Taste Translation: Annual Japan Sake Awards 2024

As you’ll have seen in this newsletter and many other places last year, the extreme summer heat in Japan made a lot of rice harder and less soluble than usual. Instagram is currently full of breweries and farmers planting out rice seedlings, and you have to wonder how this year will turn out. 

The Japan News (an English news service by the Yomiuri Newspaper) has a story about the consequences of rice not breaking down during brewing – in this case an excess of kasu, or sake less/cake. To give you an idea of how much more kasu can be produced by harder rice, Takeda Shuzo in Niigata Prefecture posted images of piles of ita-kasu (the flat sheets of kasu removed from automatic pressing machines) asking people to come and take it for free. Their brewing year normally produces 4-5 tons of kasu, but in 2023-2024 it jumped to over 20 tons.

Breweries normally have sales channels for their kasu, which are used in cooking and pickling, but there was no way they could move four times as much by normal methods, hence the call for takers on social media. And the public responded, with every last sheet claimed by mid-March. 

Further north, the Akita Research Institute of Food and Brewing commented that their sake breweries had experienced the same problem, and it seemed to affect brewers nationwide. The Brewing Society of Japan suggest a few options for handling hard-to-dissolve rice, including extending the main ferment for as long as possible, or adding commercial enzymes to the moromi. [I know one brewery that didn’t have a problem, but they credited their very specific local geography for the rice developing as usual. Another we visited last year chose to generate more kasu in order to produce sake with a flavour profile close to their usual one.]

Haruki Takeda, 10th generation owner of Takeda Shuzo, was relieved that none of their kasu went to waste, and hoped it would provide a good opportunity for people to learn about it. In Kyoto, Tama no Hikari went one step further by taking as much pride in their kasu as they do in their sake, and have set up a restaurant that uses kasu in all its dishes.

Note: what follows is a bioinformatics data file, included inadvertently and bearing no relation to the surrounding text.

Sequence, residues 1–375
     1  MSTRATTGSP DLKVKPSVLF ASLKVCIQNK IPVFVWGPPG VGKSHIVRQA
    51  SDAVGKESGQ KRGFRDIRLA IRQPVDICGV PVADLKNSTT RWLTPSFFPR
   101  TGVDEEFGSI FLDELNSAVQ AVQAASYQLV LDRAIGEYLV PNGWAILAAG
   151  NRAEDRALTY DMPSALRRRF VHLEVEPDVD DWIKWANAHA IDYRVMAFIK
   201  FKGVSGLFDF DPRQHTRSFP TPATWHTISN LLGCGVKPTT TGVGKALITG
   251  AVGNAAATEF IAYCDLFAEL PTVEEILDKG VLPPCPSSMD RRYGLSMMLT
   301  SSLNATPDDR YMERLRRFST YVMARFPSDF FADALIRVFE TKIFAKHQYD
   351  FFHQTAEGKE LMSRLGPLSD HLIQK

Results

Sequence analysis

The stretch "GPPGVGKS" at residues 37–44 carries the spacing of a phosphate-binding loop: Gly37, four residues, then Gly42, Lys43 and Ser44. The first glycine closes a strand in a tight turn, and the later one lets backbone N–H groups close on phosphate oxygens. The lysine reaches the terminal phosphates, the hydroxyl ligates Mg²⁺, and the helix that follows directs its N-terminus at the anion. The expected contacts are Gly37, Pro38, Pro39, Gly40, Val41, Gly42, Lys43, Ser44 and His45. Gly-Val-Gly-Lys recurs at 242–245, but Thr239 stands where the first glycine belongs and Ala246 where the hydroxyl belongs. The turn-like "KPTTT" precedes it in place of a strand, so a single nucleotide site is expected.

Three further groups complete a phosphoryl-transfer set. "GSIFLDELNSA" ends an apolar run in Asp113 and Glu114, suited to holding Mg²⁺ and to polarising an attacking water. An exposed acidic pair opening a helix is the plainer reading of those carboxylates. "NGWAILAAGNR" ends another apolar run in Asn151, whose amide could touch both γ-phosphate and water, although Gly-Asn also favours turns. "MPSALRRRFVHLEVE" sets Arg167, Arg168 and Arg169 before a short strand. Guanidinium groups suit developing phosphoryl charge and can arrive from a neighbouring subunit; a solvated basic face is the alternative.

I’ve already talked about the effect of warmer winter temperatures on traditional cold-weather sake brewing (hello, ice makers in breweries) but a recent article in The Drinks Business magazine about increasing impact on wine fermentation raised another question. Wine is traditionally fermented using yeast found naturally on grape skins, but changing climate conditions are now affecting that microbial population and leading to very different fermentations than winemakers are used to.

Is there a risk to the ambient microorganisms used in sake brewing, mainly lactic acid bacteria but in some cases also yeast? Hitoshi Utsunomiya of JSS said he didn’t think so, as these microbes live a more protected life inside breweries, but said the impact would be felt instead in the selection of cultured yeasts, which traditionally prioritised the ability to ferment in the cold. So who knows, the world of yeast could be about to warm up.

Utsunomiya also mentioned that the issue is being taken very seriously in agriculture, with new rice varieties being developed not only to remain soluble when grown in higher summer temperatures, but also able to mature properly in the heat – immature grains affected 5% of yield in the north of Japan, and up to 20% in areas south of Yamagata Prefecture. [As far as I know, these grains affect the overall grade of the rice (see this handy list of rice grades from Timothy Sullivan of Urban Sake) and would not be suitable to brew with.] There are also experiments to extend the nakaboshi mid-season draining of rice fields in order to reduce methane produced by anerobic bacteria in the soil.

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Brewers Find Ways To Utilize Surplus Sake Kasu (The Japan News by the Yomiuri Newspaper, 19 May 2024, English)
Private correspondence with the Japan Shochu and Sake Makers Association, Brewing Society of Japan and brewery owners/staff
Even fermentation is now being hampered by climate change (The Drinks Business, 15 May 2024, English)
農業で地球温暖化に立ち向かう ~水田からのメタン抑制と高温耐性のイネ育種~ (Science Portal, 30 April 2024, Japanese)

See also Nowhere to run: Sake brewing and climate change on the Sake on Air site

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